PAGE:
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Soybean Dips Amid Rising Chinese Imports, EU Targeting Ag

April 26, 2019 at 16:16 by Andrew Moran

Soybean futures are slumping to their lowest levels of 2019 at the end of the trading week. Despite some bullish news that would typically help the agricultural commodity, soybean prices are tumbling on ample global supplies and trade war woes, which could be the new norm for the next couple of years.

July soybean futures slipped $0.02, or 0.23%, to $8.7075 per bushel at 15:37 GMT on Friday on the Chicago Board of Trade (CBoT). Soybean prices, which have fallen more than 5% so far this year, are on track for a weekly decline of 2.6%. Soybean is now trading at its worst point in 2019.

China’s imports of soybeans from the US rose in March. According to new data from the General Administration of Customs, the world’s second-largest economy imported 1.51 million tonnes of soybean from the US, up from 907,545 tonnes in February. Beijing also imported 2.79 million tonnes of soybeans from Brazil, which has become its biggest supplier, up from 2.33 million tonnes in March.

In total, March soybean imports totaled 4.92 million tonnes.

Although this is a positive trend for soybean farmers, the imports were only half of last year’s volumes. The development is being driven by two primary issues: China’s tariffs on US cargoes and declining purchases because of the African Swine Fever breakout that has affected livestock.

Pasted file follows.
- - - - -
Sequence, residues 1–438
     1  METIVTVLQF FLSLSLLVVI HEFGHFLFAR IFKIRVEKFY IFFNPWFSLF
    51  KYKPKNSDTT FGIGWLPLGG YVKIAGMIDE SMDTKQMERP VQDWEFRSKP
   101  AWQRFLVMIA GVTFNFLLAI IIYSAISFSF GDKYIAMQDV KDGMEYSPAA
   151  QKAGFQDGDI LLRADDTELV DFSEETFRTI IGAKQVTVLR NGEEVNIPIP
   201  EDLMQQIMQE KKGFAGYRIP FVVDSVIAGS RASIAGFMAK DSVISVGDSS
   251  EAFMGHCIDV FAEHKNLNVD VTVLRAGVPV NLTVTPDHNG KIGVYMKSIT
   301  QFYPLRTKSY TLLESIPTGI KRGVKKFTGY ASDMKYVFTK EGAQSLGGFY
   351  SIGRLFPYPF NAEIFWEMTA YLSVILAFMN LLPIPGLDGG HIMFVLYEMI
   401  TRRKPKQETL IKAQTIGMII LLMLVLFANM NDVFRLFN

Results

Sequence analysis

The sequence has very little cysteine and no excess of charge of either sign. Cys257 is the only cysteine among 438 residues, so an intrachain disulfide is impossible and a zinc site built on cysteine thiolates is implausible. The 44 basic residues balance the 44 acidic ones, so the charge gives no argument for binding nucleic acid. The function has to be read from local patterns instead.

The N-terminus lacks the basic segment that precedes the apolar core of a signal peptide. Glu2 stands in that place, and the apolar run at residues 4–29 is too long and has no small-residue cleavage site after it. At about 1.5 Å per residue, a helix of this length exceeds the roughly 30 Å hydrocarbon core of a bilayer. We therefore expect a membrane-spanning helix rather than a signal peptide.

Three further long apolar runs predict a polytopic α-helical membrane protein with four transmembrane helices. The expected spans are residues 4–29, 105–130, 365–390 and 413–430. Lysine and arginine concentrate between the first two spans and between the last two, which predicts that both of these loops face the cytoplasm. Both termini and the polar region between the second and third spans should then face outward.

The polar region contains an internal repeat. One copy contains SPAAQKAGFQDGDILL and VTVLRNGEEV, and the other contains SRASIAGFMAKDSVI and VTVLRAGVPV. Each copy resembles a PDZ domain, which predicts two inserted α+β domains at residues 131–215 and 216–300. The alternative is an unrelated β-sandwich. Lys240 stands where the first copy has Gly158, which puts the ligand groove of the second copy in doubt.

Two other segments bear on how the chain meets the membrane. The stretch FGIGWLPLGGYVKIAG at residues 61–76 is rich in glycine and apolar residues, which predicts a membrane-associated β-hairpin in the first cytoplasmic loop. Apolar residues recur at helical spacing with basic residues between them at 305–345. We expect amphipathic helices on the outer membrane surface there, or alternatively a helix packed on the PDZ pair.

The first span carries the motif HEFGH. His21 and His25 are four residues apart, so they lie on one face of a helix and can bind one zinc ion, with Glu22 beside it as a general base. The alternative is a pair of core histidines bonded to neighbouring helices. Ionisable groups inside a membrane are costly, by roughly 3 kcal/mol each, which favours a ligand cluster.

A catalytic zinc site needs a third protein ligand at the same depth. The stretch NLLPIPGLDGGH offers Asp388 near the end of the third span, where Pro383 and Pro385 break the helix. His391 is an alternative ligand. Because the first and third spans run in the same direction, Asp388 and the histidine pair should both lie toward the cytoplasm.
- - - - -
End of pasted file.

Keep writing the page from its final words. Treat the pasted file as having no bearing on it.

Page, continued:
What should concern US farmers is the European Union confirming that it will not include agriculture in trade negotiations. The European Commission was given the OK from the EU about excluding agriculture in trade talks, choosing to only eliminate tariffs on industrial products. Predictably, this perturbed the US government as President Donald Trump revealed to reporters that he told European officials “you can’t treat our farmers that way.”

Ostensibly, Canadian farmers will reduce their share of the soybean market in the coming years, notes Statistics Canada. The report found that farmers are shying away from soybeans and lentils and planting more acres of corn, dry peas, oats, and wheat.

In other agricultural markets, July corn futures rose $0.045, or 1.26%, to $3.6175 per pound. July wheat futures edged up $0.02, or 0.45%, to $4.435 a bushel. July orange juice futures tacked on $0.013, or 1.24%, to $1.035 per pound.

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